As a prelude to the event - staged by Ian Blackburn's Learn About Wine organization - I had the good fortune of an invitation to a luncheon which featured eight wines produced by wineries represented at the meal.
Mr. Blackburn hosted the affair at the Peninsula Hotel. I was honored to be at the table with some notable wine industry folks and media people. Karen Steinwachs (Buttonwood Winery,) Clarissa Nagy (Riverbench Winery,) Kenneth Volk (Kenneth Volk Winery) and Tim Snider (Fess Parker Winery) were there from the production end. Sommeliers Dana Farner (CUT) and Jeffrey Stivers (N-Naka) joined Bottlerock co-owner Fred Hakim from the retail end. The press side of the table was filled by Corie Brown (ZesterDaily.com,) Eve Bushman (EveWine101.com,) Arianna Armstrong (PalatePress.com,) Barbara Hansen (TableConversation.com,) Tom Leykis (The Tasting Room with Tom Leykis,) Gary Zabransky (Tom’s producer,) Jonathan Cristaldi (TimeOut.com/los-angeles,) and myself. Michelle McCue (McCue Communications) was the sole public relations specialist.
Simple and delicious:
Mixed baby lettuces with toasted walnut goat cheese and sweet red onion vinaigrette.
Chicken breast with mascarpone polenta, tomatoes, sweet corn and chicken jus.
Beef tenderloin with potato purée, Bloomsdale spinach, asparagus and red wine.
Assorted breads with sweet butter.
Dana Farner commented that she oversees the wine at a steakhouse in Beverly Hills, but it was still surprising that she sells 93% red and only 7% white wines. She related the story of a male customer - at a table of men - who asked her, “Would you still respect is if we started with white wine?" The consensus answer around our table was, "probably more."
Jeffrey Stivers of N-Naka said his experience is almost the opposite of Farner's - he moves mostly white wines, due to the restaurant’s Japanese cuisine.
Steinwachs also commented that “80% of grapes grown in Santa Barbara County go to wineries not located in Santa Barbara County.” The fruit, she notes, is of such high quality that everyone wants to use it. And, seemingly, they do.
Kenneth Volk held court for several topics, but he naturally elaborated at length on the grapes he loves. Volk is a very well-educated man - Cal Poly SLO - and if you ever want to learn something about wine, find him and stand next to him for a while. He’s a walking class credit in oenology. He pointed out that someone once said “Ken never met a grape he didn’t like,” then admitted that he likes some grapes better than others. He did five delightful minutes on what constitutes a heritage variety before someone grabbed the wheel and drove the show onward.
The luncheon featured an eight-sample tasting of wines by producers who were present at at the meal. Prices given are suggested retail.
1) Buttonwood Zingy 2012 Sauvignon Blanc $20
Steinwachs told us this one was bottled just two days before. It’s actually Sauvignon Musquée, and just under 300 cases were made. "We're probably known more for our peaches than our wine," she said, with an aside about the Buttonwood "Peach Nazi" who oversees their stone fruit. Seems nobody can get a sample from him. The wine is very aromatic, with peaches and chewing gum on the nose. Stivers pinned it down, calling it a Juicy Fruit note, and I'll be darned if he wasn't right. There’s a green edge to the tropical fruit on the palate. Great acidity made it a natural pairing with the salad.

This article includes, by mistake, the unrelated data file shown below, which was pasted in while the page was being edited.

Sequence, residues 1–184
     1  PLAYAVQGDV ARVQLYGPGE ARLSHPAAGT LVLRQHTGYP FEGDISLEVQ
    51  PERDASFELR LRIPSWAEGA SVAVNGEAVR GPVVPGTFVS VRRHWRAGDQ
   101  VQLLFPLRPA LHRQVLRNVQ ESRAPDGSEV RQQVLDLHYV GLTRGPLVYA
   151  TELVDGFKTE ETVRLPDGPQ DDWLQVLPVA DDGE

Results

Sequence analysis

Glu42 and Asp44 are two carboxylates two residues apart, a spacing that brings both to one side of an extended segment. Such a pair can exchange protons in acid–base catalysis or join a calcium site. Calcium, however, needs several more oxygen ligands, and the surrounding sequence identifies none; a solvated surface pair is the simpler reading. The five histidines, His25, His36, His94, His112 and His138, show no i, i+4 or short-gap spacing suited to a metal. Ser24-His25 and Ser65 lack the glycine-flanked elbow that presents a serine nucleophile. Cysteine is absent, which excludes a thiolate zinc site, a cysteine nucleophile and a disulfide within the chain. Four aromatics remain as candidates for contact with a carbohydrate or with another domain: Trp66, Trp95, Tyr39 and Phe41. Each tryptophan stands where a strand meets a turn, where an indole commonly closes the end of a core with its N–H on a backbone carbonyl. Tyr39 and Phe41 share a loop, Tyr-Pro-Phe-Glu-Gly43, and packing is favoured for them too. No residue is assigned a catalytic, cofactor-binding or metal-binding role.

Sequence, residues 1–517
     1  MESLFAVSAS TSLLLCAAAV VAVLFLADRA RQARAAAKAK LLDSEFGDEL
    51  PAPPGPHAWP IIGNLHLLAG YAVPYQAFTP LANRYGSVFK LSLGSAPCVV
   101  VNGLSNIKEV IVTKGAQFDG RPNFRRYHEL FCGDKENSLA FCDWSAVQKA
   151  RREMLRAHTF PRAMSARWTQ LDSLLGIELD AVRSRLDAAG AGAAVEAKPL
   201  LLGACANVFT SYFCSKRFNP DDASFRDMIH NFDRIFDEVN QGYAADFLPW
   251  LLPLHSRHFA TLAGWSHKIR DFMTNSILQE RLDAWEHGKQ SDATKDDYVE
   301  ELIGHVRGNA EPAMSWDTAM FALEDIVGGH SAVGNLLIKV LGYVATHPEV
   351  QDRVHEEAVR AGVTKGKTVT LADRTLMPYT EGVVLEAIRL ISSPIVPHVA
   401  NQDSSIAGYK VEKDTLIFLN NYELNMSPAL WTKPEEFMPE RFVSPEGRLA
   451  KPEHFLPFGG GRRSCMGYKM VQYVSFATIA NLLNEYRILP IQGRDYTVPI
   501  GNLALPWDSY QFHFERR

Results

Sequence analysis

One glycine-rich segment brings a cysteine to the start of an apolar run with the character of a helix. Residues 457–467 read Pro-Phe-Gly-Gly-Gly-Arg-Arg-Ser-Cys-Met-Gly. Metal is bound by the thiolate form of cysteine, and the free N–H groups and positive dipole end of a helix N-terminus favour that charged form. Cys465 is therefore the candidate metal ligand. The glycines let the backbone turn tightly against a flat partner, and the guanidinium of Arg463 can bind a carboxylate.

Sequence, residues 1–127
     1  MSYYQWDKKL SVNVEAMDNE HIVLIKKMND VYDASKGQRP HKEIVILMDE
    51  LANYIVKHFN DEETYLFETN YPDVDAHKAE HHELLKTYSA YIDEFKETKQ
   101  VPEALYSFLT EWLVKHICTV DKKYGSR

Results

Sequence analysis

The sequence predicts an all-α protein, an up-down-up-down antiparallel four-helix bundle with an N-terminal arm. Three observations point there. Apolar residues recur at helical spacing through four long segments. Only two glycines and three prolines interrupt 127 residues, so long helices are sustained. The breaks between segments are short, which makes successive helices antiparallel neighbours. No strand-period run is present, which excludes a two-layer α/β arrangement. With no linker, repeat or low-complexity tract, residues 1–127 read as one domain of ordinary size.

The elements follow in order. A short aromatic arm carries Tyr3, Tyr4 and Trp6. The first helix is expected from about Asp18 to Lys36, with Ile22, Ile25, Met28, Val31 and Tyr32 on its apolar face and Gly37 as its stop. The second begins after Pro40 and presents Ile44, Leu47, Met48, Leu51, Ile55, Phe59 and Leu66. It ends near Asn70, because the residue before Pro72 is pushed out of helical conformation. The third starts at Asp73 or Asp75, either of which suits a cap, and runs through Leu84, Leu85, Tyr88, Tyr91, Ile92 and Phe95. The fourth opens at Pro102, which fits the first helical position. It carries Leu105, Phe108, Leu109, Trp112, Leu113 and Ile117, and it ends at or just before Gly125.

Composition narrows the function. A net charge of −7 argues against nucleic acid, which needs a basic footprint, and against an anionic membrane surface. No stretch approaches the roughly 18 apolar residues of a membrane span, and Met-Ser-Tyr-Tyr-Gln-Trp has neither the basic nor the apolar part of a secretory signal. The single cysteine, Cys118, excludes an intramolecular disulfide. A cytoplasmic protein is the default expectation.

Tim Snider (left) said the Epiphany brand was started as an outlet for (Fess Parker winemaker) Eli Parker's desire to do artisanal wines. Fermented in 80% steel and 20% old French oak, from gravelly loam, the wine displays an aromatic nose - savory and nutty with a hint of band aid. Light in the mouth, savory fruit and minerals are joined by a nice acidity. Bright and fresh.
3) Kenneth Volk Albariño 2011 $24
Albariño grapes from the Riverbench Vineyard were the first of that variety grown in the Santa Maria Valley, according to Volk. The nose is very aromatic with fruity flowers, while the palate shows a beautiful acidity and savory, nutty fruit. Volk is drawn to unconventional grape varieties like a moth to a porch light. He revealed that he is making a Touriga Nacional, dry, among a boatload of other "forgotten grapes."
4) Riverbench Chardonnay 2010 $26
Fermented in the barrel, with 11 months of oak aging, This Chardonnay is made from clones 4 and 15, if you're scoring at home. The nose is full and sweet, and there’s plenty of oak on the palate, too. Flavors of baked apples ride on a nice acidity, but it’s still creamy in the mouth.
5) Kenneth Volk Pinot Noir 2009 $30.
A blend of grapes from three vineyards in the Santa Maria Valley, this one has a beautiful floral nose with minerals and cola poking forward, and fabulous acidity. Commenting on the notion of whole-cluster pressing, Volk said, "I don't like stemminess."
6) Riverbench Pinot Noir Mesa 2010 $48.
This wine is darker on nose and palate than the Volk Pinot. Winemaker Clarissa Nagy said "I think it's the clay, but it may be the age of the vines." Lovely black velvet on the palate, great with feta cheese.
7) Buttonwood Cabernet Franc 2009 $26.
Steinwachs calls Cabernet Franc "The Pinot Noir of the Bordeaux family. It's the fussiest, most finicky grape to grow, and once it's in the winery, it's even more demanding." Blackburn cited the old-world style of this Santa Ynez Valley wine, showing a floral, cherry candy nose and black cherry’s dark side on the palate. Nice acidity.
8) Epiphany Revelation 2009 $40
A Rhone blend drawn from Santa Barbara County vineyards, Snider says this is Epiphany’s most popular wine. The Grenache/Syrah mix spent nearly two years in oak. The nose has big black cherry fruit with a brambly feel. In the mouth, fabulous acid and great, big flavors of cherry, black tea and minerals. With all that at work, it still has a creamy mouthfeel.
After the luncheon, we headed into the banquet room to taste more of Santa Barbara’s bounty.